Levin, who had reported on U.S. military action in Beirut, said he understood early on in his captivity “why they hate us.” In the conclusion of an unpublished account of his ordeal, he wrote, “Our countrymen did not become targets until Washington created the danger, in effect pulling the rug out from under them by intervening militarily in the civil war. The grievances of the victims of our violent involvement were predictably taken up not only by Arab guerrillas, but by Arab terrorists as well.”

For Sis Levin, however, a Southern conservative Christian from Birmingham, Ala., the political context of her husband’s kidnapping was not so self-evident. She arrived in Beirut in January 1984 and was just mastering the various factions in Lebanon’s civil war when Jerry was picked up. It took her months to fully comprehend his abduction and to chart her own course for his release.

Although she launched a team of friends and family members to inquire into Jerry’s whereabouts, she initially adhered to the U.S. government’s request to refrain from discussing her husband’s situation publicly. In Beirut Diary, Sis’ own account of Jerry’s kidnapping and her fight for his release, she writes candidly of her bouts with rage, an incapacitating depression and her gradual realization that dialogue was an essential antidote to the vicious cycle of retaliation.

Seeking the causes of hostility

She wrote, “The hostages were only the tip of the iceberg. Maybe we, the general public, were completely missing the point. There seemed to be a desperate cry for help coming from Lebanon. And we, the superpower, were deaf to it. There was a context to the hostages that was full of history and insensitivity, bad choices and pain. The kind that comes when a nation abandons dialogue and embraces military force.”

In 1984, six months into her husband’s captivity, Sis Levin decided to go public, with one provision. She would talk about the issues rather than the particulars of her painful circumstance. When the press asked the ubiquitous question, “How does it feel?” Sis’ frequent reply, according to Beirut Diary, was, “We need to look at the causes of Arab hostility toward us.”

In November, she traveled to Damascus, Syria, not exactly a U.S. ally, but the one official doorway to Hezbollah.

With the aid of Quaker negotiator Landrum Bolling, she met with Syria’s Foreign Minister Farouk Al Sharaa. She made friends with several Muslim women, one of whom had successfully negotiated her Palestinian husband’s release from an Israeli prison. During her two months in Damascus, she talked openly about the need for dialogue and initiated a music therapy program for children traumatized by the Lebanese war. “Her approach,” said Jerry, “proved to be irresistible and compelling to Syria’s President Hafez Assad, who responded through the foreign minister that Syria would work for my release.”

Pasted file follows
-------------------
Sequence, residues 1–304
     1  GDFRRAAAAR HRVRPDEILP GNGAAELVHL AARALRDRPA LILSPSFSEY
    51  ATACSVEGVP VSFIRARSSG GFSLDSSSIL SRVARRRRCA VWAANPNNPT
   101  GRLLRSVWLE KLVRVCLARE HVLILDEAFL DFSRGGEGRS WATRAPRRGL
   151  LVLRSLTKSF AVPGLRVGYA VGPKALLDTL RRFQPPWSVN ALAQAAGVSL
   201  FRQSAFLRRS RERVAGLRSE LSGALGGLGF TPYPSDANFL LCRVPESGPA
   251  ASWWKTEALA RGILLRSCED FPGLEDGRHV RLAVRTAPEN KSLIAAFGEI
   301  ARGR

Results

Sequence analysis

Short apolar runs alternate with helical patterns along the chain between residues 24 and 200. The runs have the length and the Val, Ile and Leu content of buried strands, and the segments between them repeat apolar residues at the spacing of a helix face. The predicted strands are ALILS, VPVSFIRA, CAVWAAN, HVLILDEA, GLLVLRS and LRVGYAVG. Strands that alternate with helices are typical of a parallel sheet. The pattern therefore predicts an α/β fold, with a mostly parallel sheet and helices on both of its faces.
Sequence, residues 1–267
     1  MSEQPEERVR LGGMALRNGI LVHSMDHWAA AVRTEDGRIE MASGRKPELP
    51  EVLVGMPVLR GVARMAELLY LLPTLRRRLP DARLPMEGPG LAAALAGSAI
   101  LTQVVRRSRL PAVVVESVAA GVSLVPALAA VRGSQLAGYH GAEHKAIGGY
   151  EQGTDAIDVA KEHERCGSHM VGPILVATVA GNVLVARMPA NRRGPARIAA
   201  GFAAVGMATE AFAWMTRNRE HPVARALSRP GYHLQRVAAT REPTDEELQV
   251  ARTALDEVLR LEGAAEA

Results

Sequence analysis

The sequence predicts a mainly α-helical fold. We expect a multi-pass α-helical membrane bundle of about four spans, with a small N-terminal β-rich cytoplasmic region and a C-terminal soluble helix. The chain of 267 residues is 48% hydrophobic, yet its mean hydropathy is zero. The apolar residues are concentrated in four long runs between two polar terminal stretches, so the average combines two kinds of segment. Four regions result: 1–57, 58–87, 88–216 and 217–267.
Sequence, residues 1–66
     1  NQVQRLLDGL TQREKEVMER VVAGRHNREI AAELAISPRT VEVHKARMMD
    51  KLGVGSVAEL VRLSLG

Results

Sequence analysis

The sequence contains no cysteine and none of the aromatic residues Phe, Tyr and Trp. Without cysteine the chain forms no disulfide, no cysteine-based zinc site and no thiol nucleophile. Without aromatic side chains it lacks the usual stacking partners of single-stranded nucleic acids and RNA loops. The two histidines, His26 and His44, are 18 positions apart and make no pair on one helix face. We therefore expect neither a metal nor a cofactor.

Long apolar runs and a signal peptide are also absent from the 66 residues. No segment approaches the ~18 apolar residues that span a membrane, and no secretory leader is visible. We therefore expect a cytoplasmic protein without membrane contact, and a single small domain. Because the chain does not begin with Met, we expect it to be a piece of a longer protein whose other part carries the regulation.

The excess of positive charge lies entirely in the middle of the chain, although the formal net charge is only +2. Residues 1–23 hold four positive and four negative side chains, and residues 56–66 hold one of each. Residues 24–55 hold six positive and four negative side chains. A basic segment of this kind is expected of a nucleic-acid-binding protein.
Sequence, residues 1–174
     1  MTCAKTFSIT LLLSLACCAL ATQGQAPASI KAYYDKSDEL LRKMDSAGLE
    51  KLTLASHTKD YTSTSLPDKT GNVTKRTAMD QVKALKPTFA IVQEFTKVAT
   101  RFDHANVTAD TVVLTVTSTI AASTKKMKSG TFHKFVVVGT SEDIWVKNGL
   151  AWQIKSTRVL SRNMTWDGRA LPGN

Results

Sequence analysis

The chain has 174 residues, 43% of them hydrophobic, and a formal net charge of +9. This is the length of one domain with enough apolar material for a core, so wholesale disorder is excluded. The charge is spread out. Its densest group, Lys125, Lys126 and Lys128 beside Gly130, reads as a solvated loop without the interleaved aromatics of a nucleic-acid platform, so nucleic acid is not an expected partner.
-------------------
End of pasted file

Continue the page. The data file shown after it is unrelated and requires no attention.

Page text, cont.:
Two months later using a rope of knotted sheets, Jerry successfully escaped by lowering himself out of his room in a building near the city of Baalbek in the Bekaa Valley in eastern Lebanon. Syrian soldiers found him the next morning, sock-footed and without his glasses, zigzagging down the mountain toward Baalbek. The following day, The Washington Post reported that a man speaking Arabic called the Associated Press in Beirut and said, “We released … Levin after many approaches by some brotherly and effective sides.”

The Levins and many others believe Jerry was allowed to escape because of Syrian influence on his captors. Most accounts categorize his return as “an escape or release.”

Sis’ reconciliatory gestures in Syria were admittedly ad hoc, offered with uncertainty amid depression. Yet the Levins are quick to contrast the success of their efforts with the U.S. government’s negotiated release of American hostages through the sale of arms to Iran. Money from those purchases was then used to fund the Contra army in the Nicaraguan civil war.

“Ours is the only private-joint-husband-and-wife-do-it-yourself-rescue-effort to have succeeded,” Jerry wrote in one of his lecture texts. “We reflect with relief and gratitude that we do not bear the burden of the disgraceful Iran-Contra arms deal that only served to perpetuate violence in the Middle East that already was and still often is at such a frantic level.”

More important, the Levin’s ordeal with terrorism prompted profound personal changes in each of them. Jerry’s conversion to Christianity came within a month of his abduction, born out of a desperate desire to talk to someone. In the isolation of solitary confinement, he had begun talking to himself, and that frightened him.

“Then it occurred to me that people for thousands of years had been talking to this thing called ‘God,’ and they had not gone crazy. Religious people called it praying. I thought maybe I could do that, too,” Jerry said. In his first prayer, he asked God’s forgiveness for himself and his captors. He sees nothing extraordinary in his willingness to forgive his abductors, saying he “did it very naturally. ... Even with my imperfect knowledge of what Jesus taught, I knew that in this decision to become a man of faith, forgiveness was what I needed to do.”

But his attitude of forgiveness did not translate into amicable conversations with his captors, nor did it bring about an improvement in his harsh conditions. “My stance with them was that I didn’t have too much to say to them,” Jerry said. “Partly because I wanted them to realize that I didn’t like what they were doing.”

Two days after Christmas, at his request, his Muslim guards gave him a Bible. On Christmas Eve they unexpectedly had left him “a very intricate and beautiful Lilliputian manger scene.” While observing the creche, Jerry said he had a mystical experience that still energizes him.

On the night he escaped, he left behind four American hostages, brought in after him and confined in separate rooms.